After selecting the desired location, the screen will still look like the one above, blank. You’ll have to choose the kind of imagery you want to display, and then have USAPhotoMaps download it automatically from TerraServer. Choose the imagery type by pressing one of three letter keys:

T – USGS topographic maps. For screen zoom levels of 4-32 meters per pixel, 1:24K USGS topographic map imagery will be displayed; from 64-512 meters per pixel, 1:100K USGS topo maps will be displayed. The map displays will be seamless, i.e. no collars, borders, labels, scales, or other map marginalia.

P – USGS black-and-white aerial photography, aka digital orthoquads.Maximum resolution is 1 meter per pixel.

U – USGS color aerial photography, available for a limited number of urban areas (e.g. San Francisco, Tucson). Maximum resolution is 25 cm (0.25 meter).

Once you’ve selected the type of imagery you want to display, press the “F” key, and USAPhotoMaps will “F“ill the empty squares on screen with the specified type of imagery downloaded from TerraServer. Here’s a 100K topo map (“T”) for the Tucson area:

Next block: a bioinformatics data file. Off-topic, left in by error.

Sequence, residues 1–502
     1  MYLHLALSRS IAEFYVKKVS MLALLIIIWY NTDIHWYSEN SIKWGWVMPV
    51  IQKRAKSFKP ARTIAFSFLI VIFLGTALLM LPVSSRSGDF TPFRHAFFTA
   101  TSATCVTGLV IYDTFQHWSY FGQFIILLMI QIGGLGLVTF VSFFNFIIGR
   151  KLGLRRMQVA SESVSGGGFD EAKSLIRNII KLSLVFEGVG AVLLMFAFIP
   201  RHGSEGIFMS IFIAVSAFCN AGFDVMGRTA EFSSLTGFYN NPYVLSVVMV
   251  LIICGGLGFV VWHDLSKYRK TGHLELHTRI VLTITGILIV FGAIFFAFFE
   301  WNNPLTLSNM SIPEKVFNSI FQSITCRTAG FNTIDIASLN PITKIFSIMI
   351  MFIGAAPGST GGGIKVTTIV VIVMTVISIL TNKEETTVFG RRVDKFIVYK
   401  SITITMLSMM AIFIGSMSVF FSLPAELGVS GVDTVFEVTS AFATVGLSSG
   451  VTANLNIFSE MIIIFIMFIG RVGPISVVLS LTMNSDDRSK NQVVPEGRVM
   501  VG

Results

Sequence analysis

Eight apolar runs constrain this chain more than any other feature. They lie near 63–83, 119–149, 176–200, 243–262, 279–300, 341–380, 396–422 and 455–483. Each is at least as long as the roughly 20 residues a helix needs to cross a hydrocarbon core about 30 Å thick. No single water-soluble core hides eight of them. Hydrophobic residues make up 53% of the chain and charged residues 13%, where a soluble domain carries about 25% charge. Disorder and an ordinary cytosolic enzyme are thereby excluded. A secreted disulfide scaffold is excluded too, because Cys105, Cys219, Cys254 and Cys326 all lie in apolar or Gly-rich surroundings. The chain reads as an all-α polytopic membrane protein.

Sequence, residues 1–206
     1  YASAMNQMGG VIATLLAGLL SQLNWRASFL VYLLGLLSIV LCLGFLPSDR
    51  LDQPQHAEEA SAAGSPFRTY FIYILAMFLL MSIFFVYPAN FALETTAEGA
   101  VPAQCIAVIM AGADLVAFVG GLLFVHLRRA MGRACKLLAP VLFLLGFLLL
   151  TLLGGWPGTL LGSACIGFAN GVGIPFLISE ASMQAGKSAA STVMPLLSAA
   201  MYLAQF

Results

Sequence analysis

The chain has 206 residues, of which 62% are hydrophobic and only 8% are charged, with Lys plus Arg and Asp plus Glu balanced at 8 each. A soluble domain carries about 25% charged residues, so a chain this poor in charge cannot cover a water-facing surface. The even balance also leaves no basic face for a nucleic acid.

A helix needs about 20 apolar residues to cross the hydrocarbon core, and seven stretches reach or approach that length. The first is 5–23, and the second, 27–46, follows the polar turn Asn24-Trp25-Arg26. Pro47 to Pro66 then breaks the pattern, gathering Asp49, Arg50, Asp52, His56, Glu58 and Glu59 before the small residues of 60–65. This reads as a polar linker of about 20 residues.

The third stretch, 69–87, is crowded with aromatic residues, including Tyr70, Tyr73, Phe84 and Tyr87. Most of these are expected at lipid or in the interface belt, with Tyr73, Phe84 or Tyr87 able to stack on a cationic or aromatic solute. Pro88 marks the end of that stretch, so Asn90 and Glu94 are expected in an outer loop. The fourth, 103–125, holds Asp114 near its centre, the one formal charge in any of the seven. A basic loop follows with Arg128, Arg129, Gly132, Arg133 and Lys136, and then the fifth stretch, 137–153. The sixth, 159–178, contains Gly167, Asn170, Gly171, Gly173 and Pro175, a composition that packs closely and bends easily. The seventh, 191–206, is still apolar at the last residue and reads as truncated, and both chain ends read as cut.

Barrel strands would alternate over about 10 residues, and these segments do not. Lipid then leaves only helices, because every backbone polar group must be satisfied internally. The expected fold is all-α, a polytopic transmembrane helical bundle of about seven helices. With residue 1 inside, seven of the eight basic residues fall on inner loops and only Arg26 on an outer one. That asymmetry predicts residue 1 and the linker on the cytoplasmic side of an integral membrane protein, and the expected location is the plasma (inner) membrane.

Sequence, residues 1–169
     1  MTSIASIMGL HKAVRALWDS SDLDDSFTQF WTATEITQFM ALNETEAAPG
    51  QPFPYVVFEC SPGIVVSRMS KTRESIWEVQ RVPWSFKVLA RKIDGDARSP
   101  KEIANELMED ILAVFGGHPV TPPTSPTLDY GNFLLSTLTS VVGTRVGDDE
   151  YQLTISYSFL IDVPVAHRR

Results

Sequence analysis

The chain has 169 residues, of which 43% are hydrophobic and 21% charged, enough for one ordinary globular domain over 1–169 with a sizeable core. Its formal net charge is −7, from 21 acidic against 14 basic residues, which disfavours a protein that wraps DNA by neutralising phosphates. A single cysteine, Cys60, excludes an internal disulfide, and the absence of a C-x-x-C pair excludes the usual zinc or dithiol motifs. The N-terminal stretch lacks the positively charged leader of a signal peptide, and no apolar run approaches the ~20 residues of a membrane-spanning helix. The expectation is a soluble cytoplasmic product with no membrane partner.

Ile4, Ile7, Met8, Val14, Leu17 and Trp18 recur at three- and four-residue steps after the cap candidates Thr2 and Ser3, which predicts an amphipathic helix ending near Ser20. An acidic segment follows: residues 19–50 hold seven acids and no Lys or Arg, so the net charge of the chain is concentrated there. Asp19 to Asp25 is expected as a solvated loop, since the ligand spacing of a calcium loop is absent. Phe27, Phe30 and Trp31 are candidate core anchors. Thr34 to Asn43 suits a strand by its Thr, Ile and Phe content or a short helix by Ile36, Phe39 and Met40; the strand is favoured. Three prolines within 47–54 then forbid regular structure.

Black and white aerial imagery (“P“):


And .25-meter color urban imagery (“U“):


You can zoom in and out using the “+” and “-” keys, and scroll the display using the arrow keys. If you download multiple types of imagery for the same area, you can quickly switch the display between those image types just by pressing the appropriate key (P, T, or U). USAPhotoMaps saves the image data in a disk cache of unlimited size, so the next time you use the program, the imagery will be read from your local hard drive for faster display. In a future post, I’ll talk about a way to fill the cache automatically with all the imagery for a specifiable geographic area, so that you won’t have to wait for it to download.

You can create a screenshot, or print the screen, from the File Menu, but those will be captured at the current screen resolution. To grab an image at the best spatial resolution, and have it georeferenced automatically, use the File => Create a BIG jpeg file menu option. Follow the instructions in the window that pops up: